The Killings of Bangladesi Bloggers

 Bangladeshi bloggers who have been killed this year: Niloy Chakrabarti, Ananta Bijoy Das, Washiqur Rahman and Avijit Roy (clockwise from top left)
Niloy Chakrabarti, who used the pen name Niloy Neel, was hacked to death with machetes on Friday after a gang broke into his apartment in the Bangladeshi capital.

In an interview with the Guardian in May, Chakrabarti said he had filed reports with local police about continued harassment and was scared that he would be killed. However, his complaints were not taken seriously, he claimed.

Imran H Sarker, head of the Bangladesh Blogger and Activist Network, said Chakrabarti had been a “listed target”. “They entered his room on the fifth floor and shoved his friend aside and then hacked him to death,” Sarker told Agence France-Presse.

Chakrabarti is the fourth blogger to be killed in Bangladesh since February, when Bangladeshi-born US citizen Avijit Roy, a science writer and blog site moderator, was hacked to death in central Dhaka.

That killing prompted outrage around the world with more than 150 writers, including Margaret Atwood, Salman Rushdie, Yann Martel and Colm Tóibín, signing a letter condemning the series of fatal attacks and calling on the country’s government “to ensure that the tragic events … are not repeated”.

The other victims of recent attacks include Ananta Bijoy Das, who was murdered by a group wielding machetes on 13 May as he headed to work in Sylhet, northern Bangladesh, and 27-year-old Washiqur Rahman, killed in Dhaka in March.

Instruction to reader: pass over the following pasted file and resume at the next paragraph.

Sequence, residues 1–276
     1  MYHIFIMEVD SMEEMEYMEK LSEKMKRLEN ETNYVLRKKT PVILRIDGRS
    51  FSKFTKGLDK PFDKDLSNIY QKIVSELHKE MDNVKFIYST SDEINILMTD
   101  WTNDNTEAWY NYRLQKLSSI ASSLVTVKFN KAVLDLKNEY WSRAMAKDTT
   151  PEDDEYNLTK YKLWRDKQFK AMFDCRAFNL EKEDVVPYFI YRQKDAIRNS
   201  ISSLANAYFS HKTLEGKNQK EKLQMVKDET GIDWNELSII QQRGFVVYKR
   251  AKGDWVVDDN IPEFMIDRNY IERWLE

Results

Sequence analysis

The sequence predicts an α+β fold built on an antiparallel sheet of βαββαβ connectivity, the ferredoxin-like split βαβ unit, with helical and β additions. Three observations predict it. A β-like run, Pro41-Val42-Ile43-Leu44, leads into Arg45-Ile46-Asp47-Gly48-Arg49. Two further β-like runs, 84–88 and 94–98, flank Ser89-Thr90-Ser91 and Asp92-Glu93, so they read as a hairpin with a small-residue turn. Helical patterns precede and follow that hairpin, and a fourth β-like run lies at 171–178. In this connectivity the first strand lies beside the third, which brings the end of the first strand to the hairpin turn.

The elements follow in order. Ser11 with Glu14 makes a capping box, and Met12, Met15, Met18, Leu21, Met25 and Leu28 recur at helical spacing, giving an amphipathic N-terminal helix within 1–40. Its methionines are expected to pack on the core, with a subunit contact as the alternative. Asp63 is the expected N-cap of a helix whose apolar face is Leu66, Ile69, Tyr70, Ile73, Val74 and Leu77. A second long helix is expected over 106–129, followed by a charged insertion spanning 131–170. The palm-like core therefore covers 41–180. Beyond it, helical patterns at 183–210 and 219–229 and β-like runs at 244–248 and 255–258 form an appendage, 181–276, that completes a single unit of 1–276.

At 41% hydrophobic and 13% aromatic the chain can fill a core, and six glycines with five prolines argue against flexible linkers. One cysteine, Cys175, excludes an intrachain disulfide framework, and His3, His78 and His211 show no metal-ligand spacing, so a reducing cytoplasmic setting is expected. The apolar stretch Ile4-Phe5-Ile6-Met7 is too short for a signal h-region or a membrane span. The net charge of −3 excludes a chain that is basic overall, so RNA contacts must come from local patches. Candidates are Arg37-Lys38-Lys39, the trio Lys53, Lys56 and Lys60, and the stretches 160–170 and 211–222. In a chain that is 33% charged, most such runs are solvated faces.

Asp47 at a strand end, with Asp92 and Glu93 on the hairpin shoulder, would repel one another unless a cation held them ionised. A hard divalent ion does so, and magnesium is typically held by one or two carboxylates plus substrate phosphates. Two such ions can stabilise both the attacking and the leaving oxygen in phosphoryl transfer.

All had been active on social media, criticising the extremist Muslim ideologies that have gained strength in Bangladesh in recent years or arguing in favour of progressive causes. On his Facebook account, Chakrabarti frequently wrote in favour of women’s rights.

Bangladesh is an officially secular country, but more than 90% of its 160 million people are Muslim.

Police confirmed Chakrabarti had been murdered by a group of half a dozen people in the capital’s Goran neighbourhood, although they had no details on the motive for the killing.

“There were six people who knocked on his door, saying that they were looking to rent a flat. Two of them then took him to a room and slaughtered him there,” Muntashirul Islam, a deputy police commissioner, said.

Police did not comment on charges that they had failed to act on Chakrabarti’s requests for protection.

Al-Qaida in the Indian Subcontinent claimed responsibility for Roy’s killing on 26 February, in which his wife was badly injured. An Islamist has been arrested over his murder. Two students at religious schools were arrested over the killing of Washiqur Rahman.

Authorities in the politically unstable south Asian state have been repeatedly criticised for not acting to protect free speech, though the Ansarullah Bangla Team (ABT), a hardline Islamist group, was banned following Das’s murder.

Police believe the ABT may be behind the three attacks. Members of the group have already been charged with the 2013 murder of blogger Ahmed Rajib Haider.

One hardline group, Hefazat-e-Islam, has publicly sought the execution of atheists who organised mass protests against the rise of political Islam.

Hefazat, led by Islamic seminary teachers, also staged a massive counter-protest against the bloggers in May 2013 that unleashed violence and left nearly 50 people dead.

Active bloggers in Bangladesh told the Guardian earlier this year they received death threats “so frequently” they could not be counted. They also risk jail terms of up to 14 years for publishing material that authorities deem to be false or defamatory.

In 2013, atheist blogger Asif Mohiuddin was stabbed in the street by religious extremists. A month later, he was arrested and held in prison for making derogatory remarks about religion and his blog was banned.